BlackRabbit #CBR5 Review#10: The Furies of Calderon by Jim Butcher

Last time I reviewed the first of Mr. Butcher’s Dresden Files series, so it seems only fair to look at the beginning of his other series. I only began this one because I enjoyed it, but it really grew on me. It examines very different ideas and dynamics than the Dresden books and shows more of Mr. Butcher’s talent. This first book, similarly to Storm Front, shows some roughness in plot and characters, though far less than the first Dresden novel.

It begins with the story of a young man named Tavi, who is the only one without the ability to call “furies” or elemental spirits of fire, water, earth, air, metal, or wood. These furies are central to the society of Alera, and a person’s strength in his or her furies goes a long way towards determining their station; a Lord will always have strong ones, while a peasant might have a few or only one weak fury to call. Tavi’s been the subject of prejudice and dislike his entire life, since he’s practically crippled in comparison with everyone else. Though living on the frontier, he and his family are nonetheless in danger from the nearby Marat, a savage barbarian race that has clashed with the Aleran Legions many times. And then powerful hidden forces begin to make themselves felt in the small town of Calderon, and Tavi’s life changes forever, and not for the better….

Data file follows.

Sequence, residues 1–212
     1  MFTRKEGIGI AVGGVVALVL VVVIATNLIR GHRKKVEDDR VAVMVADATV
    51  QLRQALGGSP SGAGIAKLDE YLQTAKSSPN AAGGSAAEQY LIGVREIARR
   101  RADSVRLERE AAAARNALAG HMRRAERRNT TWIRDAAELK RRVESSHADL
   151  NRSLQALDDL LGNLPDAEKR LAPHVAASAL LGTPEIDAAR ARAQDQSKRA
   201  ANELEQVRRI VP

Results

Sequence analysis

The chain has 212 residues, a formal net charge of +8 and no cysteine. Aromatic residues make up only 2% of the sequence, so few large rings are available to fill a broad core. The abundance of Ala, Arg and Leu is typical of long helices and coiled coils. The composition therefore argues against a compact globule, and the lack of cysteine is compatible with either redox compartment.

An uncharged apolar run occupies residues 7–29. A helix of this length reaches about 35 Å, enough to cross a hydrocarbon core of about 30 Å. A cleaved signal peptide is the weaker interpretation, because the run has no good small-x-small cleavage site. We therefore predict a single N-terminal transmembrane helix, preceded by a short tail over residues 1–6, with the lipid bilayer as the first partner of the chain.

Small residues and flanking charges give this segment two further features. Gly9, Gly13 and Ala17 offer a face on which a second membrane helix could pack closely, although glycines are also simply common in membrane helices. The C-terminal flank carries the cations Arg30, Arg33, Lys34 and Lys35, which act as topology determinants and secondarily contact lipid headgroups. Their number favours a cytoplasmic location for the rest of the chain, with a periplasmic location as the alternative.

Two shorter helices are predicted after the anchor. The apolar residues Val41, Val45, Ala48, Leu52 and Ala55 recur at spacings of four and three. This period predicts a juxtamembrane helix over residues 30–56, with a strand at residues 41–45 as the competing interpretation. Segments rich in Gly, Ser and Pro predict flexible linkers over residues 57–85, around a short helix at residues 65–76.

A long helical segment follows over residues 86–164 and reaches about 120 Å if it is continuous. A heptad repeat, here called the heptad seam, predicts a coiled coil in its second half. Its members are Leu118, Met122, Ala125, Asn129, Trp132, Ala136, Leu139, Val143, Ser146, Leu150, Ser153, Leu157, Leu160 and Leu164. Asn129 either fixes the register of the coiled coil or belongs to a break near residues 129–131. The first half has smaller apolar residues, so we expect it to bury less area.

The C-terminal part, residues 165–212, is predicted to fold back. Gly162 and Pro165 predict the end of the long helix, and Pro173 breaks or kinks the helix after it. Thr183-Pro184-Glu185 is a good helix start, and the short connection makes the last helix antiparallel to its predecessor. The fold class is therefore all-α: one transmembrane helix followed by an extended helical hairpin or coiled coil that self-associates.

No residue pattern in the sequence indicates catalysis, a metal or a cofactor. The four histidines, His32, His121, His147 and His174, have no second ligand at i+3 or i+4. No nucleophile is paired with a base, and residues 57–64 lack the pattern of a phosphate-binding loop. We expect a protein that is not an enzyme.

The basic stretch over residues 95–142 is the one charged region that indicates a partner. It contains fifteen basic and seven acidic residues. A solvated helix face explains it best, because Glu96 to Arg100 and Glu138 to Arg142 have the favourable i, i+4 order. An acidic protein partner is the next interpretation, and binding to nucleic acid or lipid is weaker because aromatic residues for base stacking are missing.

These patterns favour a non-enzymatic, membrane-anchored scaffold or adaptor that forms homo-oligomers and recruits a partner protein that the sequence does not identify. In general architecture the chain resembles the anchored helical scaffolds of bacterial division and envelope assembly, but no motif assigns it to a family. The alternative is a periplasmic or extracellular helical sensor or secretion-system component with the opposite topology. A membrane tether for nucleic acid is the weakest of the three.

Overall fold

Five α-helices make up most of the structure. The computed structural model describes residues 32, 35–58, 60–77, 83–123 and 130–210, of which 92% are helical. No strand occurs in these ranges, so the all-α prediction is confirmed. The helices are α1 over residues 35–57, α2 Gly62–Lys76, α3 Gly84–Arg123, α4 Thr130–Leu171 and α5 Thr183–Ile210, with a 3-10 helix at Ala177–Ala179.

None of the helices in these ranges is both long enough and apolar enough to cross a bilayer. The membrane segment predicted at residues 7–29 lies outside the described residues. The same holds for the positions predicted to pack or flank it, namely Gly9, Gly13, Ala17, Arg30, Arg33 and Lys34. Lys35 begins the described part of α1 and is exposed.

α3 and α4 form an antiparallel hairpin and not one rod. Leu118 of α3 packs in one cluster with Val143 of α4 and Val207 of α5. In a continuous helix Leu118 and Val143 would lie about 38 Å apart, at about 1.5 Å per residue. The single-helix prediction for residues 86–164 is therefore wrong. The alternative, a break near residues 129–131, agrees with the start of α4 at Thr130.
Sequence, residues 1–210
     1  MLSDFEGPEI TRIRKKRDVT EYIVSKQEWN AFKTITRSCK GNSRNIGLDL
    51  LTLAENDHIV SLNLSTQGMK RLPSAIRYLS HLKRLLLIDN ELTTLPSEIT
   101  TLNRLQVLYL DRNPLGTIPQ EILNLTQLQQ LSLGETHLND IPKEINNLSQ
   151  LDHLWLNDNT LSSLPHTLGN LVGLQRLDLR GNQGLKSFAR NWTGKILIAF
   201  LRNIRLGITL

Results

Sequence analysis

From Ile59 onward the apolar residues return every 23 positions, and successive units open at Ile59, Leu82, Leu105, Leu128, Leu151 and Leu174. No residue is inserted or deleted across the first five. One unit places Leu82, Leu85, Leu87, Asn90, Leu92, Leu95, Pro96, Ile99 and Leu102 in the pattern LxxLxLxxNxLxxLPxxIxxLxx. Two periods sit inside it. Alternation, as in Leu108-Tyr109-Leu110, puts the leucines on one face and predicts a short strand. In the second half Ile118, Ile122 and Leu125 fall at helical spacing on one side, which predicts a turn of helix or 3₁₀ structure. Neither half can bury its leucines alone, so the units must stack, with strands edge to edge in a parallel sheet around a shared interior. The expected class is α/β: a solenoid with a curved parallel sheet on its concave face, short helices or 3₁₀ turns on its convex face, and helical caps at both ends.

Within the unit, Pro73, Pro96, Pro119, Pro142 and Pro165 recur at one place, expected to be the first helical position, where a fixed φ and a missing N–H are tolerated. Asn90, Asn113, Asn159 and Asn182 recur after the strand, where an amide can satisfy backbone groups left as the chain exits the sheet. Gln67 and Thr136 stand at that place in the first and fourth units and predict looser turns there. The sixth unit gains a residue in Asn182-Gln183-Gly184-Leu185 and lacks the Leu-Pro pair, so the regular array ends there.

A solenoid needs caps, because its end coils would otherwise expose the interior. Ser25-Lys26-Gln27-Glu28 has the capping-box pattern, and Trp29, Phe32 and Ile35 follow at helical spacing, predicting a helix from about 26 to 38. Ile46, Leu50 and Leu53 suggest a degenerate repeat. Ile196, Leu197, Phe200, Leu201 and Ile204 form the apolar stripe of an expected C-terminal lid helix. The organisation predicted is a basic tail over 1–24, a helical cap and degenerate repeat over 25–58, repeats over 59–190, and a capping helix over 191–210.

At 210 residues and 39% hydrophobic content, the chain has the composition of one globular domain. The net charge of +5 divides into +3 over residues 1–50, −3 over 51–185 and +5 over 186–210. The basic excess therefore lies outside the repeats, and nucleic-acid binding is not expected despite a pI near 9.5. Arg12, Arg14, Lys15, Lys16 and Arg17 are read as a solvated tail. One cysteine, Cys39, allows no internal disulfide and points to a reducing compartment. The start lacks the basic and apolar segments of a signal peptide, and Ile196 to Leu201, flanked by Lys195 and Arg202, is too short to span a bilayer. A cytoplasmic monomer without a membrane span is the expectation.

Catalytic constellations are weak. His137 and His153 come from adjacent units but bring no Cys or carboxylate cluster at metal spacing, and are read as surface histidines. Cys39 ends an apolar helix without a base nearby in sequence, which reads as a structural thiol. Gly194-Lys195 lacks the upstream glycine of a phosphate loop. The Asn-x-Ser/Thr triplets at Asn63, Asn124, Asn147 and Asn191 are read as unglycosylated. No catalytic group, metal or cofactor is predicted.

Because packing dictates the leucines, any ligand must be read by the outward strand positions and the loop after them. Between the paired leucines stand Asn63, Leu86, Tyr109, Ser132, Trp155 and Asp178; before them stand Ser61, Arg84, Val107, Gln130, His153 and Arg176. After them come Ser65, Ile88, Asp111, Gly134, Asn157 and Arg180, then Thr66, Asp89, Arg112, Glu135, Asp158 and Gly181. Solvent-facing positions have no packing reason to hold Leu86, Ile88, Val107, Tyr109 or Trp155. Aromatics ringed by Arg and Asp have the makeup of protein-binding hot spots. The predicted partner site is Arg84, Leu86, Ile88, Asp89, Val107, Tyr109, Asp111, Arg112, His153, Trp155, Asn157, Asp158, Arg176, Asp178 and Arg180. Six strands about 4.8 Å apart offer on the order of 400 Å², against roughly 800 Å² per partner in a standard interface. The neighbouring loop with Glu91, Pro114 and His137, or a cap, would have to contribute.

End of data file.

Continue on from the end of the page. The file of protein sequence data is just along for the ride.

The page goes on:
The stories in the Codex Alera is different from the Dresden series in many ways:  it moves from character to character instead of a single POV, which serves to deepen the story. When you have only one viewpoint, you can only get one version of events and one sense of the world around you without a lot of explanation from other characters. Secondly, Butcher is able to explore many different aspects not available in Dresden, such as family interaction, first-person female narration and in-depth military and political intrigue. Thirdly, he is given the chance to do much deeper job of world-building than before, which is likely more freeing while at the same time much more difficult.

Here’s the tough question: I’ve read both series as far as they go (Dresden is still going) and I still don’t know which I like better. They both bring such different ideas and worlds to the table that it seems odd to compare them, yet the feel and texture is so similar. I’d have to say that I enjoyed the Codex Alera more, just based on the wider variety of characters and situations offered. That’s only a slight advantage, and I reserve the right to change my mind.

Incidentally, I’m considering doing reviews of all of the Dresden/Alera novels. If that would be pleasing, leave a comment!

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